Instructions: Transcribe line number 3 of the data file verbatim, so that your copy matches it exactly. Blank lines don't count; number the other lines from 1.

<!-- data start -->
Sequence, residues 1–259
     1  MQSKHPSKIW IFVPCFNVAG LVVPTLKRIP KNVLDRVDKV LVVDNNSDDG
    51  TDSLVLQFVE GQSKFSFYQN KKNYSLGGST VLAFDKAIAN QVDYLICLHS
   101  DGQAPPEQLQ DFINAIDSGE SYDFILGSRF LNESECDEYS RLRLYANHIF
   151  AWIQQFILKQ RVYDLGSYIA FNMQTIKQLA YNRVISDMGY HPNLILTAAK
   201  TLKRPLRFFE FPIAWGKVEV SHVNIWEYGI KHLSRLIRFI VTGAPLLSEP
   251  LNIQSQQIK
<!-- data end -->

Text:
    51  TDSLVLQFVE GQSKFSFYQN KKNYSLGGST VLAFDKAIAN QVDYLICLHS